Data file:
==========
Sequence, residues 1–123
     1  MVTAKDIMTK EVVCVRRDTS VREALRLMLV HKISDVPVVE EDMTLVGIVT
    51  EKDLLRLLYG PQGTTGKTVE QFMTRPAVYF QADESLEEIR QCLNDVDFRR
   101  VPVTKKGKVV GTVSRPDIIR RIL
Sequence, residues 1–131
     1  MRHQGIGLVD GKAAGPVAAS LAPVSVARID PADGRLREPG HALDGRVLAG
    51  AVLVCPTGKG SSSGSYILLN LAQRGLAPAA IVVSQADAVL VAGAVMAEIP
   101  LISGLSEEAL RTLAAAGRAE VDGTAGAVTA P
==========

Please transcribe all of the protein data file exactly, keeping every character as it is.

Sequence, residues 1–123
     1  MVTAKDIMTK EVVCVRRDTS VREALRLMLV HKISDVPVVE EDMTLVGIVT
    51  EKDLLRLLYG PQGTTGKTVE QFMTRPAVYF QADESLEEIR QCLNDVDFRR
   101  VPVTKKGKVV GTVSRPDIIR RIL
Sequence, residues 1–131
     1  MRHQGIGLVD GKAAGPVAAS LAPVSVARID PADGRLREPG HALDGRVLAG
    51  AVLVCPTGKG SSSGSYILLN LAQRGLAPAA IVVSQADAVL VAGAVMAEIP
   101  LISGLSEEAL RTLAAAGRAE VDGTAGAVTA P